The last of the FRW Five for Life is arguably the most elusive – and definitely the most challenging to define. Telling your friends “I have found my life’s purpose” can sound (unintentionally) lofty and pretentious. And yet living without a purpose can lead to putting one foot in front of another purely by habit, with no thought as to your why.
When Dan Buettner studied the five original blue zones of the world – the places whose residents had the greatest longevity and lowest incidence of chronic disease – one of the commonalities of these five seemingly disparate populations was the existence of a sense of purpose. Or, as Okinawans call it, ikigai. In another of the blue zones, the small Greek island of Ikaria, there is no formal word for “retirement”; rather, Ikarians are active and vigorous well into their golden years. In these longevity hotspots, people rise for a reason every day, they move, work, socialize, and eat with a purposefulness that is not universal. It is also important to note that the five original blue zones are not particularly wealthy areas – several are, in fact, quite the opposite. In other words, and pardon the cliché, further proof that money does not buy happiness.
Pretentious as I may sound, I have found my purpose in life. Can I define that purpose in one sentence – or even a few? Definitely not. But what I can define is what activities I’m engaged in when I feel most in touch with that purpose, and how this purpose makes me feel. I won’t spoil your journey to finding your own purpose by revealing all here – though if you know me, can you probably guess the gist – but I will tell you that your purpose will find YOU, not the other way around.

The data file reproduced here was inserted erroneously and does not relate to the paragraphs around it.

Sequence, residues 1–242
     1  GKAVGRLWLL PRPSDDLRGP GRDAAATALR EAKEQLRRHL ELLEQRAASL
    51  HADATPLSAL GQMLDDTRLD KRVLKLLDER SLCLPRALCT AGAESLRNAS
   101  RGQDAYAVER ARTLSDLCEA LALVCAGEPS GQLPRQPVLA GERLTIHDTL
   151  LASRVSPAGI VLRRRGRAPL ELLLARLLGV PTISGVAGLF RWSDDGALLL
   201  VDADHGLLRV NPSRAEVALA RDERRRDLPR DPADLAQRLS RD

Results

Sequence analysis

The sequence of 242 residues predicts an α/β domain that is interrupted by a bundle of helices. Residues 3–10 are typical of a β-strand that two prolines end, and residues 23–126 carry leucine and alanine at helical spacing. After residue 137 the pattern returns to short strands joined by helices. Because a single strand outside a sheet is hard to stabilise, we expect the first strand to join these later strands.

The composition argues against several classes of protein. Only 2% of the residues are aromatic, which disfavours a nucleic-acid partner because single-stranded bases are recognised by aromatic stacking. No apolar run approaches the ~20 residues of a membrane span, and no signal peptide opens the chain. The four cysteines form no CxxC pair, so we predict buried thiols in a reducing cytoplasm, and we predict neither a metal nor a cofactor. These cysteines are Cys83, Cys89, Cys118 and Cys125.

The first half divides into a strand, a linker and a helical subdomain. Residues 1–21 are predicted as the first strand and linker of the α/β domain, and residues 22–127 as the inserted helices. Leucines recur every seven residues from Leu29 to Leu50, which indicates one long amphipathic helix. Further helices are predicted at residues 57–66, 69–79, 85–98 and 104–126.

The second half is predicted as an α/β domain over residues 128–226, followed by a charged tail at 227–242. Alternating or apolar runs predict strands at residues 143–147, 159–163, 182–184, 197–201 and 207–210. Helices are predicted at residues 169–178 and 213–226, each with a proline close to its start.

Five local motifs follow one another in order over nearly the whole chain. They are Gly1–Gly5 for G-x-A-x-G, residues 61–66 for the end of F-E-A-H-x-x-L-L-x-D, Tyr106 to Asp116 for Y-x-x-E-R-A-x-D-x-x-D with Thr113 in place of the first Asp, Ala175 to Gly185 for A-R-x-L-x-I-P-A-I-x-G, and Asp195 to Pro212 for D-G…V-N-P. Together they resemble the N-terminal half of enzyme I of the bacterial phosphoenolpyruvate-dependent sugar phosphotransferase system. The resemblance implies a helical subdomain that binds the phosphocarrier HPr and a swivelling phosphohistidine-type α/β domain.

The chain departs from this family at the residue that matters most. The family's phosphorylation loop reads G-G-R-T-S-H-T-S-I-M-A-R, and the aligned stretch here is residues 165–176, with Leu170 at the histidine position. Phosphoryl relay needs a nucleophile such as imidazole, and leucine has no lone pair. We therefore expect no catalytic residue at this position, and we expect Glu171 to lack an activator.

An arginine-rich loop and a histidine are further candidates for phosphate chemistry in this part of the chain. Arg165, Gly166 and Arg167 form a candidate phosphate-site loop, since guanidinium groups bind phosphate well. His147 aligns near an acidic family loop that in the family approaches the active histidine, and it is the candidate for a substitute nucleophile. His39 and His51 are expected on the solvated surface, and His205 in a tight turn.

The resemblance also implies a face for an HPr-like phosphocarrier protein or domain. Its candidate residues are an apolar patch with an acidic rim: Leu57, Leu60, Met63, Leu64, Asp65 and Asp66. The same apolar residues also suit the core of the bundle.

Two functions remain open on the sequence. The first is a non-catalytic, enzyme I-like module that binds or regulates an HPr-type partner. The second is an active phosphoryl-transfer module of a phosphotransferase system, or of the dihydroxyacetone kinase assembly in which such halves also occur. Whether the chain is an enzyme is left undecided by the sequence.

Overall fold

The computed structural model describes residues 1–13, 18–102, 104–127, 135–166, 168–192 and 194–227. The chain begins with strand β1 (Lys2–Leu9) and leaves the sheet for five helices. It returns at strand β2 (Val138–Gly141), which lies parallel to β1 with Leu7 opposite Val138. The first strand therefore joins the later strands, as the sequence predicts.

Still, with your busy lives and packed schedules, saying you need to let your purpose find you may feel a bit like a fool’s errand. How will you know that your purpose is tapping you on the shoulder when you can barely find time to get your hair cut, let alone explore your inner most emotional and spiritual aspirations? Fortunately, there are questions you can ask yourself that will help bring that murky concept into focus. Remember, you must be almost brutally honest with yourself when going through this process. It may even be worth asking a loved one for their honest take on what seems to make you happy, on when you seem most fulfilled.
· What am I most grateful for on a day-to-day basis?
· What part of my day do I most look forward to every morning?
· What would my perfect day entail?
· Have I taken risks to do things that are meaningful to me?
· Have I found ways to offer my talents and unique gifts to others?
· If not, how can I offer my talents and unique gifts? What’s stopping me?
· How often do I feel hopeful and excited about the future?
· Do I have regrets about things I have not done yet?
· What would my 18-year old self think of who I am today?
· At my funeral, what three things do I want to be remembered for?
At the core of this process are fundamental questions you must ask yourself about your what, why, and how.
o What are my talents, my strengths, my gifts?
o Why do I push myself to be a better person, a more fulfilled person? Is it for myself, for my kids, another family member? What is my BIG goal in life, how I envision myself in 10, 20, 30 years?
o How can I become this best version of myself?
Once you have an honest conversation with yourself, it may be time to take a hard look at your life to determine what can be cut from your daily schedule to enable you to pursue your passions and purpose. For a worksheet designed to help you do this, reach out to Kate!